Alibaug’s Hottest New Holiday Villa Is Pinakin Patel’s Ode To Essentialism
- 6 Jul '21
- 5:53 pm by Nuriyah Johar
Veteran designer Pinakin Patel’s latest project in Alibag is a testament to authenticity. It is a reflection of unrestrained creativity backed by a fundamental awareness of and respect for the process of designing. Eschewing trends for their inherently ephemeral nature, Patel directs his attention towards mindful consumption, contextual design, and the philosophy of essentialism, all while creating a timeless space that is undeniably picture worthy. This larger-than-life holiday villa is the newest addition to the coastal town’s bevy of hotels, homestays, and AirBnbs, while also adding to the designer’s portfolio of personal ventures in Alibag that include The Dashrath Patel Museum and his namesake furniture store.
On a surface level, Pinakin Prive is an Instagrammer’s paradise. The sprawling, dusty pink property is punctuated by bold chequered tiles atop a fresh green lawn. A deeper examination, however, reveals a certain complexity to these design choices. The seamless pink flooring is in fact, made up of Agra red stone – one of the many areas in which Patel consciously decided to incorporate local materials as far as possible. The lawns are layered with Astroturf (a synthetic substitute to real grass) in an endeavour to significantly cut down on the amount of water that would have had to have been brought to the site to maintain it. In addition, the turf doubles up as a permeable, protective cover that retains ground moisture on hot days. Patel also exercised his inventive resourcefulness by using the leftover turf as upholstery on the outdoor furniture.
In designing the space, Patel has masterfully coalesced contemporary, millennial design sensibilities with his cultural roots. Pinakin Prive has been built in line with the tenets of Vaastu, which allows for the southwest heat and rain to enter the home through the back, whereas the large pivot doors and windows facing the northeast open to a cool, sunny view outside. An ideal of essentialism is evinced throughout the interiors and exteriors of the villa, which is pared down to only that which is intrinsically required. In Patel’s book, this excludes even wardrobe doors! Instead, elegant brass wardrobe rails fitted into the walls serve the function perfectly. The seamlessness in design lends itself to an uncomplicated fluidity which runs through the space. “For me, one of the most unique elements of Pinakin Prive is being able to live within the design without worrying about maintenance,” says Patel.
To say that the design of the villa is pared down in an essentialist fashion is not to imply a disregard for finesse. In fact, the attention afforded to every single detail in both the interiors and exteriors is nothing short of immaculate. Patel takes his visual colour story seriously, and expertly matches together every shade of pink used across the villa – allowing the walls to flow into the drapes and extend onto the flooring and furniture. The clean curves in his architectural composition are reflected in distinct areas like the arches out on the front facade and the rounded interior walls, but also find their way into subtle elements like the furniture edges and bathroom mirrors. For the scrupulous designer, no detail is too small to acknowledge.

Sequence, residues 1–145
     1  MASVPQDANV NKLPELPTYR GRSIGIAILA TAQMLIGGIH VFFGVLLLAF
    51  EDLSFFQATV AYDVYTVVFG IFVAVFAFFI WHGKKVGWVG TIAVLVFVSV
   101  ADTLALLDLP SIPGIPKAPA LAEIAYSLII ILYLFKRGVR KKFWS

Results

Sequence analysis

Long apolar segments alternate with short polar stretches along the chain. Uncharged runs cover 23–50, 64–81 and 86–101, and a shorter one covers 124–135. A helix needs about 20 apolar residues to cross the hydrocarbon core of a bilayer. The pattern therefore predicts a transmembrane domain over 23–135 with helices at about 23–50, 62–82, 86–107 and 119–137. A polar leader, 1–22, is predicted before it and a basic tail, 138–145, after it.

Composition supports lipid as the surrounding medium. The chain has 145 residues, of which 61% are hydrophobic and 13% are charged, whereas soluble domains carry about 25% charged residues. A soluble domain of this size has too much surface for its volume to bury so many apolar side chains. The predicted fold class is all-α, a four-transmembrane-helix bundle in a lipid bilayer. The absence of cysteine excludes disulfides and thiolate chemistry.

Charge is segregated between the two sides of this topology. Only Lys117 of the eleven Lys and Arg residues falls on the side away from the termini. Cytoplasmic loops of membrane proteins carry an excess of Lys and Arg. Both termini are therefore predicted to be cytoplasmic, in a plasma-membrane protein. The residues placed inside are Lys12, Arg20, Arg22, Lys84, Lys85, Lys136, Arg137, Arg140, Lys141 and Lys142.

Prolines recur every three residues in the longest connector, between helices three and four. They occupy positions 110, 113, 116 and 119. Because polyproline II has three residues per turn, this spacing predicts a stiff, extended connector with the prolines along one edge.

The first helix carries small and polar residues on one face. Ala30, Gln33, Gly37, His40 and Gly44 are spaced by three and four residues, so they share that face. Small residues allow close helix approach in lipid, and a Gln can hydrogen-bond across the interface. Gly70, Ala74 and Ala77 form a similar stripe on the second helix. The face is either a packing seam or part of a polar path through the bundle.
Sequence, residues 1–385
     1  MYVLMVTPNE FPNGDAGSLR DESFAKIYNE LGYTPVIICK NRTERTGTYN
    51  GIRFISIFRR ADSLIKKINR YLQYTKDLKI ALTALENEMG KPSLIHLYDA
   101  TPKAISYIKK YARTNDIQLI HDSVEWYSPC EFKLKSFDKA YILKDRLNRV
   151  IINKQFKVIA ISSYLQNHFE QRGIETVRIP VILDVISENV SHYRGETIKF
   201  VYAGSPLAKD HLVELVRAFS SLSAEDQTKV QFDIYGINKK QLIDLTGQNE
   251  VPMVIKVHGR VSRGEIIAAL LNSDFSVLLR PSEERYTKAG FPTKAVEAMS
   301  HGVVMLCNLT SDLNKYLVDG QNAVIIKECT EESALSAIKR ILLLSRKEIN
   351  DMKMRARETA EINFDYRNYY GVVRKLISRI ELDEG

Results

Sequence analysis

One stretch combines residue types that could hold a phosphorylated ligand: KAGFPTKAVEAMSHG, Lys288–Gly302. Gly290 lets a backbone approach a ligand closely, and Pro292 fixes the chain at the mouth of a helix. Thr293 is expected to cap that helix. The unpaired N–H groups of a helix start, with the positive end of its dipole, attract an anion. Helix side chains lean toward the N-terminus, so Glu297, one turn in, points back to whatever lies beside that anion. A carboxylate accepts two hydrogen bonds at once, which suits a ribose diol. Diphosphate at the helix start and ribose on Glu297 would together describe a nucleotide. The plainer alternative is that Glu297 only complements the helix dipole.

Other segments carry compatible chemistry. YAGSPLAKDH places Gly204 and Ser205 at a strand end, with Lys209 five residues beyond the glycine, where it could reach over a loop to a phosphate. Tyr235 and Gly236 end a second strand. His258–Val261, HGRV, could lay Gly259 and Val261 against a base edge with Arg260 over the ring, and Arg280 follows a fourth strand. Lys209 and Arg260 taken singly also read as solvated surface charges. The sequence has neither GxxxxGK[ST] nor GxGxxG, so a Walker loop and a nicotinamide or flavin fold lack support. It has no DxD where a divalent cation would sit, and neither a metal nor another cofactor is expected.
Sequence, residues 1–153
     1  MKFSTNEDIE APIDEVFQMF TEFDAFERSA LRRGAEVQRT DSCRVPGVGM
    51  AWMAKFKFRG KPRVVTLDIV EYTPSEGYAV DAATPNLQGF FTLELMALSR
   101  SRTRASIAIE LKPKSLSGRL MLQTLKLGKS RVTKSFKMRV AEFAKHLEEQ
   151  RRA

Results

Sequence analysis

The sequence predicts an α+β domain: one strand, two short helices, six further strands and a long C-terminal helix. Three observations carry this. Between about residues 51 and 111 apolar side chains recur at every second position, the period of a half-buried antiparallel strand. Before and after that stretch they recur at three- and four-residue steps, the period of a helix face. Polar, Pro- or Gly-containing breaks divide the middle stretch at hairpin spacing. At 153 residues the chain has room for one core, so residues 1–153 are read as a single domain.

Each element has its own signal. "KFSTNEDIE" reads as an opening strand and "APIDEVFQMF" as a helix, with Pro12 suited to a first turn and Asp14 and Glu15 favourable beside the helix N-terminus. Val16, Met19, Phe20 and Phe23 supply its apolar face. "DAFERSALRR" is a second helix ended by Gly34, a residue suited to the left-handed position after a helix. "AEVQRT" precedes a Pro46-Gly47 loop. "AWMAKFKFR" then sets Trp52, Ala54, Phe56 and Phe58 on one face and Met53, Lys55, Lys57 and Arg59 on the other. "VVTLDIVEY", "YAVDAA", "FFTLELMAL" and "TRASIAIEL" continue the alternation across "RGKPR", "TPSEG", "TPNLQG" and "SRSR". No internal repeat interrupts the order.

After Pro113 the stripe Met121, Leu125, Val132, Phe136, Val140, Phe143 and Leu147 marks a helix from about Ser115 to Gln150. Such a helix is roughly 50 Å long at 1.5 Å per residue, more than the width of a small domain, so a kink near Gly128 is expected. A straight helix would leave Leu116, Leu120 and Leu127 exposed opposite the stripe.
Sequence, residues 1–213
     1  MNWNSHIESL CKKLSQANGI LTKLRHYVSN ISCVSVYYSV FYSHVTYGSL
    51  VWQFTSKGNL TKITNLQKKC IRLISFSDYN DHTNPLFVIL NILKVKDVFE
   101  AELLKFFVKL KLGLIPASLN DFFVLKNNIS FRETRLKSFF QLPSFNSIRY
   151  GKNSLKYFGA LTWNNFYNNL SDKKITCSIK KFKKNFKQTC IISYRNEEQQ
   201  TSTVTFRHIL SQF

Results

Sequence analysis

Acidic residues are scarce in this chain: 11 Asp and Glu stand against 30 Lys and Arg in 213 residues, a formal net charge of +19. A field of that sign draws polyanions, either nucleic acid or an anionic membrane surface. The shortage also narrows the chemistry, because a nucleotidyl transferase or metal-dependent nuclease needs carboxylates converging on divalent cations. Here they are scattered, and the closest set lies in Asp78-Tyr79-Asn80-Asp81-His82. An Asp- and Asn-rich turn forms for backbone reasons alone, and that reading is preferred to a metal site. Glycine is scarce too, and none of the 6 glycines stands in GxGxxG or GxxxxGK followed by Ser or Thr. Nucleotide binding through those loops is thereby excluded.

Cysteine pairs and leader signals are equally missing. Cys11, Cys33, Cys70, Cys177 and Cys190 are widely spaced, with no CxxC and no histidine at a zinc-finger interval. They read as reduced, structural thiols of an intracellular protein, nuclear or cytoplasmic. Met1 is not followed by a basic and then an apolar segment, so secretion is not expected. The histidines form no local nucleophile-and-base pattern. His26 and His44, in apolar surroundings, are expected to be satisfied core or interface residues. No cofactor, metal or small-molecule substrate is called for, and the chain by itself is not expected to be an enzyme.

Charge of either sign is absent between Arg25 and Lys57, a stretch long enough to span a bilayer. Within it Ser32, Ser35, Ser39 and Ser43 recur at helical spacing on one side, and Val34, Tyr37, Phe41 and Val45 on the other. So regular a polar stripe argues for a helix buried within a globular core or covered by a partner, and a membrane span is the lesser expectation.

The villa itself is an airy five-bedroom structure with large windows and strategic openings to allow ample amounts of sunlight to stream through as well as a complete immersion into the landscape. An earthy palette of pinks and oranges is contrasted by matte black elements and brass detailing – varying proportions of which make up different areas in the interior. The furniture and lighting used throughout the villa have been custom made by the designer’s own furniture label, Pinakin. Patterned rugs from Bhadohi Carpets line the stone floors, whereas velvet drapes from F&F add to the textural richness of the space. The two-tone bathrooms combine the raw with the refined, while playfully experimenting with form, material, and visual contrast. Decidedly spacious, they were designed in a manner that does not trap in humidity – a key factor in areas by the sea.
When it comes to decorating, Patel does not follow a strict code. “I am a collector myself,” he says. “By the time I am ready with a space, I start trying out stuff that would embellish an otherwise thematic setting.” Apart from a few pieces of framed artwork by the designer himself, African tribal masks in the living room, and single-stemmed flowers in the den, Patel has kept the accessorization to a minimum as an extension to his philosophy of essentialism.
The highlight of the lawns is a dramatic, monochrome pool flanked by two magnificent marble statues from Manglam Arts. These crouched lions sport a distinct intricacy that is consciously absent from the rest of the property. Set against the clean, minimalist architecture of the villa and the bold geometry of the pool, the meticulous statues take on a life of their own. Alongside the pool lie the Astroturf-covered seating areas and bar counter which appear almost as extensions of the lawn from the ground up. A striking metal sculpture from The Charcoal Project takes its place at the centre of the gravelled driveway, which connects Pinakin Prive to the quaint town that lies beyond. In an age where the narrative of social media increasingly shapes trends, Pinakin Prive stands as emphatic proof of the fact that mindful and sustainable design need not be somber, that traditional resources can be made refreshingly modern, and that sometimes, essentialism can be all the luxury one could need.